The flap over budget director Alice Rivlin's memo on options to lower the national deficit demonstrates that you can take Alice Rivlin out of the academic atmosphere of the Brookings Institution _ but you can't take the Brookings Institution out of Alice Rivlin.
She is too honest and straightforward to abandon a lifetime as a sound economist and budget expert merely because she's part of the Clinton administration, now forced to confront an awesome build-up of the deficit over the next several years.
At the same time, it must be said that to dish up, just before the congressional elections, a list of the hard choices that Clinton faces was not the most astute political move of all time. But Rivlin can't take that political hit alone.
As head of the Office of Management and Budget, she was commissioned by the the White House to start thinking about the decisions that must be made soon for fiscal 1996 budget and beyond.
Rivlin drafted an 11-page document for distribution to the president and key Cabinet aides on Oct. 3, and marked it "for handout and retrieval in meeting." She should have known better _ and so should have her colleagues. Such a candid document was bound to leak. It did, via Republican consultant William Kristol, to the Washington Post.
Gleefully, Senate Minority Leader Robert Dole, running hard for the Republican nomination in 1996, said: "This is a juicy piece of red meat for the Republicans." The Republican National Commitee attacked the administration as hypocritical, because it had correctly argued that the GOP "Contract with America" to balance the budget would require higher taxes and slashes in entitlements.
And here, the Republicans were saying, Rivlin secretly was planning to do the same thing.
But it is an outright falsehood for the Republicans to allege that Rivlin suggested higher taxes or cuts in Social Security payments. In fact, a reading of her memo shows that she all but rules out higher taxes or Social Security payments as impractical.
On the other hand, it is duplicitous of the White House to label the Rivlin memo merely a "catalog" of ideas on how to reduce to deficit. Vice President Al Gore, at a Godfrey Sperling lunch Monday, denied that Rivlin had cranked any policy recommendations of her own into the memo. He insisted that the White House position is that the deficit will continue on a downward path with no changes in policy _ if economic growth continues, and a health reform bill is passed.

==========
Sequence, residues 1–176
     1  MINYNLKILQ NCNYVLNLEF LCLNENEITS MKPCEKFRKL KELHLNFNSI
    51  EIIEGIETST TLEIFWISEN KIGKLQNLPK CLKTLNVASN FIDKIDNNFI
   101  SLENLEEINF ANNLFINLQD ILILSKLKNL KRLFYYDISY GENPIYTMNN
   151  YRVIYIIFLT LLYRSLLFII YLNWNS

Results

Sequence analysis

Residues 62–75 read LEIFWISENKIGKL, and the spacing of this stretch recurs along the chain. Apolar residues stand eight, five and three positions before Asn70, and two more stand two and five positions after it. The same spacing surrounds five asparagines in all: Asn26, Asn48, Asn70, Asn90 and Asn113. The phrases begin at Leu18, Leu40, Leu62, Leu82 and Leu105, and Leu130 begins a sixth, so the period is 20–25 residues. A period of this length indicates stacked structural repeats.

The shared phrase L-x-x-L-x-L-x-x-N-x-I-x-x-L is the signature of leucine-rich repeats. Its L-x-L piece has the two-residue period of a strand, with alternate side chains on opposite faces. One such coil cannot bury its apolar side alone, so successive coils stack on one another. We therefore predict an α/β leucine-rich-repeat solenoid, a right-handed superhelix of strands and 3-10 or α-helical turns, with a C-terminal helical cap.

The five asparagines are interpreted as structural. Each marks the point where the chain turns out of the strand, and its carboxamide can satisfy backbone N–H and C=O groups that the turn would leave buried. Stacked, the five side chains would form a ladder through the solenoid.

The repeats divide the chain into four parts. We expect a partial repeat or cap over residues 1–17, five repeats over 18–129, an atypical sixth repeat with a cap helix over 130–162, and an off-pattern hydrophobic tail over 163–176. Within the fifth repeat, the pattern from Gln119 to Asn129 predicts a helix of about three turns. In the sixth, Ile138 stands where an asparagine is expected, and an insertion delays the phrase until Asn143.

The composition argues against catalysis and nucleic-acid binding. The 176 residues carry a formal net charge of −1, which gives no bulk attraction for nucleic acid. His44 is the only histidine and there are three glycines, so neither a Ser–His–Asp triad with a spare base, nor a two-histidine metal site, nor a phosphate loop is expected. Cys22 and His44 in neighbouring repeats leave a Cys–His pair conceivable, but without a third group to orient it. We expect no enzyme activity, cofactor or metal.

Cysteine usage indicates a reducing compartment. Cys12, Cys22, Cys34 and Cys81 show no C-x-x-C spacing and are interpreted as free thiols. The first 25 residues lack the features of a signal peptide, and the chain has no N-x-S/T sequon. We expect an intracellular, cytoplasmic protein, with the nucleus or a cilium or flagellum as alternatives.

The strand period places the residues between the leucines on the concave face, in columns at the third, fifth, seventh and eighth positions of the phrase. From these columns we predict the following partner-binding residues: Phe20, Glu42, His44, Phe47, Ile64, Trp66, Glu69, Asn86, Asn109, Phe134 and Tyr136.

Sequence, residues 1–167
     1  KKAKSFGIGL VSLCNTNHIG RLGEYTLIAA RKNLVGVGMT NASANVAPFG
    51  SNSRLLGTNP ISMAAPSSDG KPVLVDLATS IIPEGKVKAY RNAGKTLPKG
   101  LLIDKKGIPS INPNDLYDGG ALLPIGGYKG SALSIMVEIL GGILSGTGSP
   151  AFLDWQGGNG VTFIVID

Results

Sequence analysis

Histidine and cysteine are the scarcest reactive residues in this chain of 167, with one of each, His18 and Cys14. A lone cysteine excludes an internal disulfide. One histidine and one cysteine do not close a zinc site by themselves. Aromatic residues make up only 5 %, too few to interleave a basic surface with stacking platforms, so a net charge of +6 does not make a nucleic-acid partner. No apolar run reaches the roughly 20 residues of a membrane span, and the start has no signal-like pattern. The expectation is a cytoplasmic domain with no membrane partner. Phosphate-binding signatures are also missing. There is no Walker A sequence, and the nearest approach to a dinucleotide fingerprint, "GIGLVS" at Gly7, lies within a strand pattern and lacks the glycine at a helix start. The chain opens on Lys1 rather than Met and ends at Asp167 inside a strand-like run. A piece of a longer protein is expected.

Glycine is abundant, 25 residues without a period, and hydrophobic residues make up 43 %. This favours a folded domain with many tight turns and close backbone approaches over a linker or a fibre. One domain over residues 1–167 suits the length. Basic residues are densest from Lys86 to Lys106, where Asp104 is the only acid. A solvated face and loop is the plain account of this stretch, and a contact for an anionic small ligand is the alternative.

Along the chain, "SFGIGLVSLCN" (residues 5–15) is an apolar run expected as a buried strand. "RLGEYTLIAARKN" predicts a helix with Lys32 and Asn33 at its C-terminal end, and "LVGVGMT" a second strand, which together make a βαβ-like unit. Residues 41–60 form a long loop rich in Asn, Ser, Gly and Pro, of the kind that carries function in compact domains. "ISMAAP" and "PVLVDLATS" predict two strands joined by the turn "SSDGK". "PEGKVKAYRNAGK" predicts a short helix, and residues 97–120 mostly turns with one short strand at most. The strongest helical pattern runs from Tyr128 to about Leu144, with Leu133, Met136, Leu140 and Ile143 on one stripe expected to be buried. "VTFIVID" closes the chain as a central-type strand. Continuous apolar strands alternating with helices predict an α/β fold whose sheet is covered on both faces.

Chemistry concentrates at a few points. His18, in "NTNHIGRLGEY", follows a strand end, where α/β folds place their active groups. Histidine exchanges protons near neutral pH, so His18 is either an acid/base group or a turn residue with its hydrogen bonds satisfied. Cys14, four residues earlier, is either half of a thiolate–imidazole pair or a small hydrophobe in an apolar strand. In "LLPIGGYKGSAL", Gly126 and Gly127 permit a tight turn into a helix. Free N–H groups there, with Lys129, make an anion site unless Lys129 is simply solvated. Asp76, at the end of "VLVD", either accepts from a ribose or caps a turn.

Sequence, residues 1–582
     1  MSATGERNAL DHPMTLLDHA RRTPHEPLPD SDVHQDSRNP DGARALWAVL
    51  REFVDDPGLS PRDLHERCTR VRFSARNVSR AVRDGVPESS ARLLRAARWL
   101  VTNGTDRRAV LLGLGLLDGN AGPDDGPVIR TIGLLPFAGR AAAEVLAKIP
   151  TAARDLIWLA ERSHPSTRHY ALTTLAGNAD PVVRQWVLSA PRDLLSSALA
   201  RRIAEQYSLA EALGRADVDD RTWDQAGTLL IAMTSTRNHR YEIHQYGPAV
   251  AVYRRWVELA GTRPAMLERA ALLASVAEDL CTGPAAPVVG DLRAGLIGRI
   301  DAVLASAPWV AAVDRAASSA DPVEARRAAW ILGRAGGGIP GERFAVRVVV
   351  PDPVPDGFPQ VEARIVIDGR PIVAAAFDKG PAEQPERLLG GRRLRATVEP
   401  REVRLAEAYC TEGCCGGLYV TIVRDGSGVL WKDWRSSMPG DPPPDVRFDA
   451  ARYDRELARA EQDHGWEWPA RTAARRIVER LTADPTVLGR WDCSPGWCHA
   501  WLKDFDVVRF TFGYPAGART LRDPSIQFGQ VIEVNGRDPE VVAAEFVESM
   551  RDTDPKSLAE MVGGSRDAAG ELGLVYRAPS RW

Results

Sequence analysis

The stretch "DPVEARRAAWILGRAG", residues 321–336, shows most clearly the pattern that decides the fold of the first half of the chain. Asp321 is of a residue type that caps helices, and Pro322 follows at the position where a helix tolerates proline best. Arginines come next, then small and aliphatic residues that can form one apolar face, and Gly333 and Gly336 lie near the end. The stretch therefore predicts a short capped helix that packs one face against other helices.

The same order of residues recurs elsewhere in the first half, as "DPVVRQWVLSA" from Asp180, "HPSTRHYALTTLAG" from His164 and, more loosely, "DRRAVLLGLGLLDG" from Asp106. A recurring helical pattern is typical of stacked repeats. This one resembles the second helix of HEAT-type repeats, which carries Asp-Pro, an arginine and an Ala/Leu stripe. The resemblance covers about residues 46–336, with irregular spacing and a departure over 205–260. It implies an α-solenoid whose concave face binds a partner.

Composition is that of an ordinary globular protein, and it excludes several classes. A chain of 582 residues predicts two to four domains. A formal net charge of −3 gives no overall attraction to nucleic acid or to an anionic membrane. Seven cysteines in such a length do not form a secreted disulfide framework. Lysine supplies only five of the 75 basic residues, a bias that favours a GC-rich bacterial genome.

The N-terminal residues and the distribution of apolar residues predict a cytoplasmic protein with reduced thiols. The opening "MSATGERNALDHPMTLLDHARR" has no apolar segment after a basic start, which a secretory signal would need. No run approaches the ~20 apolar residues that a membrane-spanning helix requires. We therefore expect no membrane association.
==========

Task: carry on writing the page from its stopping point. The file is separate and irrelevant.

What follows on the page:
A reading of the Rivlin memo and the accompanying tables demonstrates it was highly misleading of Gore to say what he did. Rivlin starts by showing that merely to hold the deficit at the $168-billion baseline now forecast for fiscal 1995 constant through the end of the decade (much less reduce it), an aggregate of $184-billion in new spending cuts and/or tax increases will be required.
To accelerate the process modestly, so that the fiscal 2000 deficit would edge down to $140-billion, would require an aggregate of $274-billion in cuts and/or taxes. To get to a balanced budget in fiscal 2000 would require a staggering $689-billion _ a concept that the GOP ignores totally in its phony "Contract with America."
Rivlin then repeats what everyone knows: There are only three ways to get the money: discretionary spending cuts; tax increases; and entitlement cuts. She then ticks off the difficulties with each:
Discretionary spending cuts: "There is unlikely to be much more room here."
Tax increases: "The anti-government mood probably precludes any general-purpose tax increase." Specific initiatives, (e.g. a tobacco tax tied to health reform) are possible. So is a neutral bill reducing tax breaks for upper income families to make room for a middle-income tax cut.
Entitlement cuts: ". . . Everyone looking for budget savings points to entitlements. But the specifics are daunting." She adds the warning: "Moreover, 90 percent of savings would come from Social Security and Medicare, and would probably be labeled by opponents as tax increases."
In a truly wicked distortion, the RNC in a press release headed "The "Big Lie' Exposed," tried to make it appear that Rivlin and the administration favored getting 90 percent of spending cuts from Social Security and Medicare.
Rivlin's preference, all things considered, comes through clearly for anyone who can read: Don't rely on across-the-board tax hikes or unpalatable entitlement cuts to lower the deficit, but choose an option initially offered by former Clinton adviser Robert Shapiro called "cut and invest."
This option, Rivlin said, "would build on our commitment to make life better for the average citizen in New Democrat style by taking on the special interests and eliminating tax loopholes and spending giveaways that favor the few while hurting growth." She puts the savings, by this route, at about $100-billion over the next five years.
We, as a nation, need to do much more than that. We have to accept some of the unpalatable options. But at the moment, as Rivlin notes, the political consensus for hard choices doesn't exist.